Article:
After you've successfully cloned the original Windows 10 hard drive to the SSD, it's time to boot your Windows PC from the SSD to take advantage of the faster and more fluid OS environment. When you try to load up your PC after cloning your HDD to an SSD, your heart may skip a beat. However, you should not be alarmed if cloned SSD won't boot Windows 10. You may be unable to benefit from the improved user experience if the cloned SSD fails to run, rendering the disc clone useless. What are your options at this point? Simply relax and follow the steps outlined below to properly resolve the SSD not booting after the clone issue.
Part 1: Why Does Cloned SSD Won’t Boot?
Before we dig out how to make cloned ssd bootable, let's first find out why cloned SSD won't boot. There are a variety of reasons why the SSD won't boot after cloning. We've included some of the most prevalent explanations below:
- There's a possibility that the cloned SSD won’t boot windows 10 if the source drive you cloned has faulty sectors.
- Because the system was corrupted during the cloning procedure, the cloned disc would not boot.
- The partition that was "system reserved", not cloned.
- Set the boot drive to the wrong drive.
- While switching from HDD to SSD, the drive letter may have changed. And this progress may result in missing boot files, causing the cloned SSD to fail to boot on Windows 11/10/8/7.
- The cloned disc will not boot due to a GPT/MBR conflict
Part 2: How to Fix Cloned SSD Won't Boot Windows 10?
Method 1: Correctly Install the Cloned SSD with a SATA Cable
Instead of using a USB connector, connect the cloned SSD to your computer with a SATA cable. When using a SATA cable to connect their PC to a cloned SSD, some Windows 10 users were able to get their PC to boot from it.
Method 2: Change Boot Order in BIOS and Make SSD Bootable as BootDisk
Until the cloned SSD is configured as the primary boot option in BIOS, macrium reflect clone drive won't boot from it. In this situation, all you have to do is modify the boot order in BIOS and choose the SSD as the first boot option.
Step 1: Restart your computer. When the startup screen shows, press the hotkey repeatedly to bring up the BIOS settings menu. F2, F8, F12, or Del are the most common hotkeys.
Please enter BIOS using the appropriate hotkey for your PC's brand.
Step 2: After entering BIOS, select the Boot tap with the arrow keys and select the SSD as the first boot option.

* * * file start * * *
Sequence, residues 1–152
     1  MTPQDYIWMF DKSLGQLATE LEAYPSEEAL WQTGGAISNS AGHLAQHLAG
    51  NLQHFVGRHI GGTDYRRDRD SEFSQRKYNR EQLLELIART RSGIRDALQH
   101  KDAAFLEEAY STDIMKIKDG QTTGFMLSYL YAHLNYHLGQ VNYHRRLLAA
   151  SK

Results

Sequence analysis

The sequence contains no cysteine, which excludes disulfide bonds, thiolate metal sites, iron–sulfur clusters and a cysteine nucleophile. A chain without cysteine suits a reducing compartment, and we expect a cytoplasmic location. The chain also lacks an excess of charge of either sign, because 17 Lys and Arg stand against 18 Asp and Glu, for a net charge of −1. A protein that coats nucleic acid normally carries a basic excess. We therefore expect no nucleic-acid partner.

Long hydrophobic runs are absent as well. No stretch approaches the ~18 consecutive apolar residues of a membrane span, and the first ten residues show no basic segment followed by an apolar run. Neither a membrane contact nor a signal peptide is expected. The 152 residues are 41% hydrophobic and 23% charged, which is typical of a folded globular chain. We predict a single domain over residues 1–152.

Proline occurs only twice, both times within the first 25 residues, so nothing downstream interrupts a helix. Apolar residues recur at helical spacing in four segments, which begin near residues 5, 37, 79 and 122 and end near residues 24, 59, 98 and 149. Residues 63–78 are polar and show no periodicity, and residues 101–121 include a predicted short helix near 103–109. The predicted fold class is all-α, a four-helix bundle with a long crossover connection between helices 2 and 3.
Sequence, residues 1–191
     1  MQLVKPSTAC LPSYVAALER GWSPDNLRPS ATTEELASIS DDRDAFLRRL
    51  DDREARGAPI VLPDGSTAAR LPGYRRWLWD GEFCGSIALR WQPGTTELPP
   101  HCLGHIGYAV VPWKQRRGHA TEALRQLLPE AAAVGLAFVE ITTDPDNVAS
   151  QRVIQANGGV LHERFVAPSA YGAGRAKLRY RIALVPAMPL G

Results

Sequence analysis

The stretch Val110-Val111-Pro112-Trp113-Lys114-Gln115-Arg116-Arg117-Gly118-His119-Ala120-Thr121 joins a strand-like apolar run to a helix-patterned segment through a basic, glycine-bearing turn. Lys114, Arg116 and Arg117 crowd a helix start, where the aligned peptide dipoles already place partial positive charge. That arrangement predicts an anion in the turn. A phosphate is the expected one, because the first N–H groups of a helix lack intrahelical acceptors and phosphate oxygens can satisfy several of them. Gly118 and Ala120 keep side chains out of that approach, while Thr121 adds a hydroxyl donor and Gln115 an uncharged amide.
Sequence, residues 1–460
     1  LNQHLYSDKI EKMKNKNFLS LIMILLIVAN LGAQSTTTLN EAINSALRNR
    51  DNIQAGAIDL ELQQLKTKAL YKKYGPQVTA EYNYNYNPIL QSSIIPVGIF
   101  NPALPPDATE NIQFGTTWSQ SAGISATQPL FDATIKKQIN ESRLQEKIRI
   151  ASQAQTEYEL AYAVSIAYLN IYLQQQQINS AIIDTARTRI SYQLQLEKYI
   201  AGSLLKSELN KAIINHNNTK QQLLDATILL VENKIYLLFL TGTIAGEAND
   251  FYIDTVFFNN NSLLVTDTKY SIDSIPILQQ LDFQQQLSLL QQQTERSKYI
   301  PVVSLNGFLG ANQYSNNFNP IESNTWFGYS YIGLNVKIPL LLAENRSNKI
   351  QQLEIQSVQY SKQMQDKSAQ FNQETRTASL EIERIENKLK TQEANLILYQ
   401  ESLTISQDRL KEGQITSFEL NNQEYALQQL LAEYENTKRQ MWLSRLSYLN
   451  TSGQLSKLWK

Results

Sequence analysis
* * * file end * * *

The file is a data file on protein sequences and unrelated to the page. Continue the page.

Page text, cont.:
Step 3: To save the adjustments, press F10. After that, restart your computer.
Method 3: Setting BIOS to boot from UEFI or Legacy
MBR and GPT are the two sorts of partition styles. The startup mode Legacy is used by MBR. GPT is also compatible with UEFI. The cloned SSD will not boot if the partition style is incompatible with the boot mode. As a result, we must additionally enter BIOS and select the appropriate boot mode for your selected partition style otherwise cloned drive won't boot.
Step 1: Enter the BIOS utility.
Step 2: Select "UEFI/ BIOS Boot Mode" from the "Boot" tap with the arrow keys. Enter the code. Then, depending on your chosen partition style, choose "Legacy" or "UEFI."
Step 3: To save the adjustments, press F10. After that, restart your computer.
Method 4: Set System Partition as an Active Partition
The active partition should, in most cases, be the primary partition. The operating system's boot files are located in the primary partition. After cloning to SSD, Windows 10 computer won't boot from cloned SSD if the system partition is not designated as an active partition. Using Command Prompt, we could change the active partition.
Step 1: Boot from the old hard drive because the cloned SSD won't boot. Then, in the hard drive enclosure, place the SSD and attach the case to the PC.
Step 2: Once you've booted from the old hard drive, hit "Win" + "R" to open the Run box, then type diskpart into it. Enter the code.
Step 3: In the Command Prompt, type the commands below once a window appears. Each time you input a command, please press Enter.
- List disk